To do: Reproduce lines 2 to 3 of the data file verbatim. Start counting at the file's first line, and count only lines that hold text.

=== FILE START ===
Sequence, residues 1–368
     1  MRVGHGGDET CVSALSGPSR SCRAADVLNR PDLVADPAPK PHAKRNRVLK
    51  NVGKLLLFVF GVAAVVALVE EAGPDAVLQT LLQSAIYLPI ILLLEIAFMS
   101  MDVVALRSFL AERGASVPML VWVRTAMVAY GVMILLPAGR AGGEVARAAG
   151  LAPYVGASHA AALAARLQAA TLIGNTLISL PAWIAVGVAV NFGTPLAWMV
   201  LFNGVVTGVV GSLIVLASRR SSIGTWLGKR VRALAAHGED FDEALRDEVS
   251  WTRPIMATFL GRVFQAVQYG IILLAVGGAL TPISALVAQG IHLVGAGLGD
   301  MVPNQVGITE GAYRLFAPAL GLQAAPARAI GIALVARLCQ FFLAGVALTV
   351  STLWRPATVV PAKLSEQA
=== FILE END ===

     1  MRVGHGGDET CVSALSGPSR SCRAADVLNR PDLVADPAPK PHAKRNRVLK
    51  NVGKLLLFVF GVAAVVALVE EAGPDAVLQT LLQSAIYLPI ILLLEIAFMS